Studio: international art — 25.1902

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The Cult of the Statuette

a white house. Watzek is to photography what Government, which has from the early days of the
Whistler is to painting, and this he shows in his Second Empire been a prolific, if not a very
Sailing Boat and Manufactories; while Spitzer's remunerative, patron; from the Salon and the
Old Woman of Katwyk and Sea Shore are Champs de Mars, which have adequately displayed
masterpieces. A. S. Levetus. his products ; and, lastly, from business houses with

taste and discrimination, which have acquired

THE CULT OF THE STATUETTE, originals, reproduced them at a popular price, and
THE FINE ART SOCIETY'S fostered and educated a desire in the public to

The British sculptor has hitherto had no such
Take up almost any French contemporary encouragement. Excluding portraits, the Govern -
novel, and turn to the first of the many descrip- ment has, we believe, never commissioned or
tions of the contents of the hero or heroine's bought a statue for its artistic merits, and the few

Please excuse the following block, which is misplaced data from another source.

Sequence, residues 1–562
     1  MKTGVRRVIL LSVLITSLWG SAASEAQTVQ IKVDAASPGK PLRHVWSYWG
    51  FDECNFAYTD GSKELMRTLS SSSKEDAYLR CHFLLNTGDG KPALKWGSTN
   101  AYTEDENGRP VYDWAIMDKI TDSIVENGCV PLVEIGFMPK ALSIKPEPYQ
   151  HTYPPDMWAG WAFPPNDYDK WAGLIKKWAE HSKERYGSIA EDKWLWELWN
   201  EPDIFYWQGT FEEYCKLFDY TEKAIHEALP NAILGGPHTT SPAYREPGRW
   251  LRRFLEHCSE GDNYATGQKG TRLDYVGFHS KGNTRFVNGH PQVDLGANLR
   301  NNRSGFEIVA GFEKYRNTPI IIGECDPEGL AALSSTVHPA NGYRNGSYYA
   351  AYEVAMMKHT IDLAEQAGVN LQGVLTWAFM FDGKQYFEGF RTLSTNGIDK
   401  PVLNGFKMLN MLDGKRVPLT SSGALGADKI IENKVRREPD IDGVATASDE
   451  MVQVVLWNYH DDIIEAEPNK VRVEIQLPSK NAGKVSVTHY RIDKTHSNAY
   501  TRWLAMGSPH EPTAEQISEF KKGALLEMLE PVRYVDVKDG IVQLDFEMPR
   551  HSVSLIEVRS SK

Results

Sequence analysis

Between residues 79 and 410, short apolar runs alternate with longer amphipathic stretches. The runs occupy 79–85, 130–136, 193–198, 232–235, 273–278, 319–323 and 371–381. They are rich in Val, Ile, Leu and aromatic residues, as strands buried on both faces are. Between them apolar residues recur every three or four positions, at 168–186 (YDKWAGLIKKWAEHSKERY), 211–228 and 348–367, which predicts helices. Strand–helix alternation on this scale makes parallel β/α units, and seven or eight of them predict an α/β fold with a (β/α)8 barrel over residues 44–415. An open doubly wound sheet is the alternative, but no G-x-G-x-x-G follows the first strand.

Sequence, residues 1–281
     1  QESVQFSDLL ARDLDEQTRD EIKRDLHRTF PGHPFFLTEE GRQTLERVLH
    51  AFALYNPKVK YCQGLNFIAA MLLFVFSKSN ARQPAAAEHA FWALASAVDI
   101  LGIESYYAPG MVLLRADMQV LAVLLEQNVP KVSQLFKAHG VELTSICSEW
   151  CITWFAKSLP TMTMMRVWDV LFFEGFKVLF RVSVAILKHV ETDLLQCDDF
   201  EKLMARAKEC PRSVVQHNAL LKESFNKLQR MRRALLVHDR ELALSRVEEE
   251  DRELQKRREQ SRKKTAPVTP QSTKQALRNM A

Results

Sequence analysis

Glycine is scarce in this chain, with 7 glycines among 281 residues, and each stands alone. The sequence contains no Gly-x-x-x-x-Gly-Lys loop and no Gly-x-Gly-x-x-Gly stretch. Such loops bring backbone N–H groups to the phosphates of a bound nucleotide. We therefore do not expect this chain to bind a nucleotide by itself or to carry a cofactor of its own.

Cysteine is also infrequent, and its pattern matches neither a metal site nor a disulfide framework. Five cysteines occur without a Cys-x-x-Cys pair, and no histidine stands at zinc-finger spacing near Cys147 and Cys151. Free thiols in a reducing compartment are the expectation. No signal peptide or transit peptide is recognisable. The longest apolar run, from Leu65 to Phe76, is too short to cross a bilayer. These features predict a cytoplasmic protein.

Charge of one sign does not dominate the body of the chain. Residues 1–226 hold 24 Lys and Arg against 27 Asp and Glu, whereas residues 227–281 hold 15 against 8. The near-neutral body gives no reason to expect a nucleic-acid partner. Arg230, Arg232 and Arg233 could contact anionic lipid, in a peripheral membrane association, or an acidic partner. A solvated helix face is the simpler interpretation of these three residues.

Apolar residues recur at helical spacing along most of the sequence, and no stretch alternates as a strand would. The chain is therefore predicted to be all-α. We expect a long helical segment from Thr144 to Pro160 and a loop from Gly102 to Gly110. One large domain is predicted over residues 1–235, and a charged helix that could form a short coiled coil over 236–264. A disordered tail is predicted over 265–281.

sanctum (a species of padding of which the foreign which grace the National Gallery of British Art are
author is at the moment even more guilty than the there only through having been bequeathed to
British) and you will assuredly find a statuette the nation by an English sculptor. The public
occupying a prominent, if not the foremost, position has hitherto been so oblivious to the charms ot
amongst their bibelots.* the statuette maker that, the only serious trade

It is perhaps a somewhat
arbitrary assumption from this
that " sculpture in little" is
an inseparable adjunct to the
furniture of a French house-
hold, but it is evident that a
writer who wishes to appear
up-to-date considers it neces-
sary to give it almost the
pride of place in his inventor)'.
On the other hand, it is certain
that any description of an
English living room which
included statuettes would be
altogether incorrect, unless it
were of some Bloomsbury
lodging-house, where a pair
of treacley-coloured "Marly
Horses," purchased in the
Tottenham Court Road, were
cited as evidence of early
Victorian taste reflected in
the garniture of the chimney-

The reason for this differ-
ence in the Art appreciation
of the two nations is not far
to seek. The French sculptor
has had his opportunity, not
only for the display but for
the sale of his figurines.
Encouragement has been
afforded him, first by the

* For example : Les statuettes Slevies
sur des colonnettcs."—" Lys Rouge,"

Anatole France. BURNS BY F. W. POMEROY

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